WARNING: This poem contains some controversial topics. Highlight to read the warnings, some of which are spoilers. In this poem, alter!Alex is Harley Quinn, a conflation which may bother some readers. It also features dimensional travel, impaired consent and mental functionality, forceful interventions to address an abusive relationship, vehement objections to well-meaning help, attempted assault, use of a previous name for constructive but nonconsensual purposes, allergies, reference to vigilante activity, reference to Quinn's past abusive relationship, communication failures, confusion, mixed signals, awkward family dynamics, and other challenges. If these are sensitive issues for you, please consider your tastes and headspace before reading onward.

Read more... )

Amsterdam – Canal Barge & Rijks

Aug. 22nd, 2017 10:36 pm
nanila: wrong side of the mirror (me: wrong side of the mirror)
[personal profile] nanila
On the previously mentioned trip to Amsterdam, the bloke and I stayed on a canal barge in the Westerdok.

This was the much bigger cousin of the holiday barges that pootle up and down our Worcestershire canal. The main bulk of the hull served as the home of the bloke who ran the B&B. We were in the wheelhouse, overlooking the canal. The docks seem to serve as pretty much permanent moorings for the barges in this area. Each one had a small garden, and there was even a floating children’s play area.

It was surprisingly quiet given that the location is a mere 15 minute walk from Centraal Station. We could hear a distant roar of traffic, but mostly we heard the hangry cheeping of two adolescent coots and the occasional quack of a duck. We also found a great crested grebe nesting a few boats down. It was definitely brooding, as we never saw the nest unoccupied.

Urban great crested grebe nest
The nest itself was a rather wonderful construction, being a mix of urban rubbish and plant detritus, with a few hollyhocks artfully arranged around the edges. The grebe had two female mallard bodyguards, who immediately came to circle the nest at a careful distance, giving me the side-eye when I hopped down on to the dock from the pavement to take photos.

The barge proprietor tiptoed in every morning to leave us breakfast on the table next to the wheelhouse. It included a bottle of freshly squeezed orange juice, muesli, yoghurt, and hardboiled eggs nested in knitted cosies. Much as I wanted to sleep in, the prospect of getting that into my belly when I heard his footsteps got me out of bed pretty early both mornings. We received so much food at breakfast that we were able to make sandwiches from the bread and cheese to squirrel away for later. We ate these in the Vondelpark on the first day, and for supper on the second after the lunch at Rijks.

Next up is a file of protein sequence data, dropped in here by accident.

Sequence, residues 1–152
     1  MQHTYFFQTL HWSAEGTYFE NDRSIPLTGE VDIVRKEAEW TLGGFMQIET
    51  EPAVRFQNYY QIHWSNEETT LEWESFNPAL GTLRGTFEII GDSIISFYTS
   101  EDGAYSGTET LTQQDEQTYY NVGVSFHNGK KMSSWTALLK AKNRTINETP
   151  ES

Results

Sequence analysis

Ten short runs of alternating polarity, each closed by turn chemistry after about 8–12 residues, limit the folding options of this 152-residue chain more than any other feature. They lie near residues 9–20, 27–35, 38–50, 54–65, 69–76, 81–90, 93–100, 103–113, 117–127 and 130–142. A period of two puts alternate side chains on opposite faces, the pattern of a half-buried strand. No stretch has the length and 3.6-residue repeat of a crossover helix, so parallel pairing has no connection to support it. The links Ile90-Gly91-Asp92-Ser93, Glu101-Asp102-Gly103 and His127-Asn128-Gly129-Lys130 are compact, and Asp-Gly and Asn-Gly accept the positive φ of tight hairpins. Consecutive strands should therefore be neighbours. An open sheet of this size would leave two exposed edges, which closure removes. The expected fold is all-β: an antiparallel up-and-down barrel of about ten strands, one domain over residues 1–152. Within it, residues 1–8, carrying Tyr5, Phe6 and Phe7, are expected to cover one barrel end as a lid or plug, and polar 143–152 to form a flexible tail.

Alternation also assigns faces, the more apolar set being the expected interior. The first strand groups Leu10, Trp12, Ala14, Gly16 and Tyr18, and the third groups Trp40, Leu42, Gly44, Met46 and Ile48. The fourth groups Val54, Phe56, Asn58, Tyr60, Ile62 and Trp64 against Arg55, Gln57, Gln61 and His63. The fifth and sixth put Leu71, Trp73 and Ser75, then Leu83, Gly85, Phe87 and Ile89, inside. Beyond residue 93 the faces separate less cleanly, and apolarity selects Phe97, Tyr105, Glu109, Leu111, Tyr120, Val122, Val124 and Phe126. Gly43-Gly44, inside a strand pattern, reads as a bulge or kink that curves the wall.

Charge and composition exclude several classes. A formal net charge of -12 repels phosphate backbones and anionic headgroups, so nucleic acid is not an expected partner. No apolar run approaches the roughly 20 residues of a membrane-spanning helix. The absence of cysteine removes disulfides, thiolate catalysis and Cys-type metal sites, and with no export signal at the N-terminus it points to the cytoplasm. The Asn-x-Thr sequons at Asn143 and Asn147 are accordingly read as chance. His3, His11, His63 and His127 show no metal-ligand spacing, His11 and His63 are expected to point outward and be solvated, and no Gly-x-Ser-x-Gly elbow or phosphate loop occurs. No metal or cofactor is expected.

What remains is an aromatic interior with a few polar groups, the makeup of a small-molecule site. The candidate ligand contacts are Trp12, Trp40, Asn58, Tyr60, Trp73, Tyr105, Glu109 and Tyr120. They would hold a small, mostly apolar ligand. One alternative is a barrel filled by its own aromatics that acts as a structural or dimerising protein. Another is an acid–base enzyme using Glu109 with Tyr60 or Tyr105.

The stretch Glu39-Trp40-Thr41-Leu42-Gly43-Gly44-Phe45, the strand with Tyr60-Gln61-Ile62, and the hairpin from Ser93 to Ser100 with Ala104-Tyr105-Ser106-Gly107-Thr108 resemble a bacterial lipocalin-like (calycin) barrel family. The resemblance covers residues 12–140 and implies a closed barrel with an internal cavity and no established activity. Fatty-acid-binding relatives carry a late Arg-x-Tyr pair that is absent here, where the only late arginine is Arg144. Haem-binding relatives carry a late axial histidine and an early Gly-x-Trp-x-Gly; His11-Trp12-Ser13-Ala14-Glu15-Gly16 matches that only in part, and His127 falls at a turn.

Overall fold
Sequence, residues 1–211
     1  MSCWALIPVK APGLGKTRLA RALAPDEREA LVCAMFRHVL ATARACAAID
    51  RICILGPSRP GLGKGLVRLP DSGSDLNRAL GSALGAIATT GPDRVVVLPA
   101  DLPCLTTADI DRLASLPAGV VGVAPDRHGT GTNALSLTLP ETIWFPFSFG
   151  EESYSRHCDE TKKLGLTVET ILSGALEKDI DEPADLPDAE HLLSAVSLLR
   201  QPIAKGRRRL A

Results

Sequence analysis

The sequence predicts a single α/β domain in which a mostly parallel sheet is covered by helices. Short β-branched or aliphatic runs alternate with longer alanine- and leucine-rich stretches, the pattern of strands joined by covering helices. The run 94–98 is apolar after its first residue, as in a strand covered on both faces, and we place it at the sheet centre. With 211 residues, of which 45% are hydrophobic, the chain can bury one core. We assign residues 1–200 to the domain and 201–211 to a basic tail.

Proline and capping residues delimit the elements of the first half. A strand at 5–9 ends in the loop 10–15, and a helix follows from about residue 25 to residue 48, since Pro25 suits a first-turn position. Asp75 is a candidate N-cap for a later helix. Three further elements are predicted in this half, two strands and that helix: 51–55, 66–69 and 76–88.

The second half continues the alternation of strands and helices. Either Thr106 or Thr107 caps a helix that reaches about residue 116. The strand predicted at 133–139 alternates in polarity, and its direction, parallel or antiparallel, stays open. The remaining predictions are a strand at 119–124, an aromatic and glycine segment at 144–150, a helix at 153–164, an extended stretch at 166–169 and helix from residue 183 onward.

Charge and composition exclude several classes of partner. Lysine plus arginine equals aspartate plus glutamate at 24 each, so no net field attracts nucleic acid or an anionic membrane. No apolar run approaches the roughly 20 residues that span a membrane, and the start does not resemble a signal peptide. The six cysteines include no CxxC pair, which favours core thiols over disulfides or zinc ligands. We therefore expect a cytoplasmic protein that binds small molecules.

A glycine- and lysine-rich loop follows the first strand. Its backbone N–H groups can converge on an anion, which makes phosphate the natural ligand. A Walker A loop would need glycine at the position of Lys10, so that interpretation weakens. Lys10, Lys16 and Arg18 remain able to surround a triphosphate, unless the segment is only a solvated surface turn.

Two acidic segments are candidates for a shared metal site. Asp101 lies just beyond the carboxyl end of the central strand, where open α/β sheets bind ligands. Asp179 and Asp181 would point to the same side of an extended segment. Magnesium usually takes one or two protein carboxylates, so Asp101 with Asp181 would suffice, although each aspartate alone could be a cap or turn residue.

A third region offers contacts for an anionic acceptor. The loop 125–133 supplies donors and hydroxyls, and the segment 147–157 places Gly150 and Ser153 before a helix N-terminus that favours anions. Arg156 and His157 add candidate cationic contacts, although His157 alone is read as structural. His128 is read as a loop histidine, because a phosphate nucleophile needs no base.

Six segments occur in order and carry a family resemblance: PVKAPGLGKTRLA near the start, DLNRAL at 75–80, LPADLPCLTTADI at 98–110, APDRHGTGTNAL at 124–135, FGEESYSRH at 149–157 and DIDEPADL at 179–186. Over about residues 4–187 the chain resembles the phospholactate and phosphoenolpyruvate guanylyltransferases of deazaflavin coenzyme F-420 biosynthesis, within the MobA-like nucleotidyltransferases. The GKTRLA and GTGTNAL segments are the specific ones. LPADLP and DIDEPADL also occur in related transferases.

Apart from the sheer pleasure of walking around Amsterdam, we also indulged in a trip to a Michelin-starred restaurant for a very belated birthday treat for me. We spent three and a half hours eating lunch at Rijks, which is next to the Rijksmuseum. The bloke had mentioned that it was my birthday when he made the booking. As a result, in addition to our pudding, I got a white chocolate candle with sorbet and a little message inside. We sampled both white and red wines, all by Dutch winemakers “from everywhere in the world” (e.g. New Zealand and South Africa).

Photos from Rijks behind the cut.

+++ )

Tuesday Yardening

Aug. 22nd, 2017 04:20 pm
ysabetwordsmith: Cartoon of me in Wordsmith persona (Default)
[personal profile] ysabetwordsmith
Today is mild, sunny, and breezy.  We got some rain last night, so I went out to pull field weeds from alongside the patio and strip garden. 

I've been seeing lots of butterflies today.  There was a monarch around the barrel garden and various small butterflies when I was weeding.

EDIT 8/22/17: I went back out and pulled more weeds farther along the patio edge and by the birdgift apple tree.

Cloud backup is just like astronomy

Aug. 22nd, 2017 07:47 pm
lovingboth: (Default)
[personal profile] lovingboth
... as in you probably don't want to go where I'm going. With the latter, it's usually cloudy whenever anything interesting is happening, and with cloudy backup, they usually close.

Which is what my current choice, CrashPlan, is doing at least to consumers.

Grrr.

They are at least staying in business, so my current subscription will last until - with an extra 60 days - July next year.

The two options they're suggesting are

a) Migrating to what they used to call CrashPlan Pro and are now going to call CrashPlan for Small Business. With 75% off for the first year after the current sub expires, that is quite reasonable.. at first. It'll be cheaper (12 x $2.50 < $59.99) until it gets to 2019 when the price will be at least $120, i.e. double what I am currently paying.

b) Using Carbonite. Fuck off, for the reasons given in the earlier post.

Of the ones other people use, Backblaze still doesn't do Linux* and SpiderOak is still $129 annually if you have less than 1TB of data and HOW MUCH (in this case, $279 a year) if you have more (but not more than 5TB). Plus Amazon AWS are still doing a pricing scheme that makes it clear that they're not interested in consumers.

Annoyingly, Amazon Digital Music Storage wants you to install a Windows or Mac program to do the uploading for its '250,000 files for - I think - £22/year', so I am less tempted than I otherwise would be to see if it accepts really, really, really long metadata (the ID3v2 standard allows up to 256MB!) for .mp3 files :)

It does remind me that when Napster was a new thing, someone did a Windows program 'Wrapster' that made any file look like an .mp3 file so it could be shared. I wonder if there was ever a Linux equivalent? Or given that I'm pretty sure I have a copy, somewhere, I wonder if it works under WINE?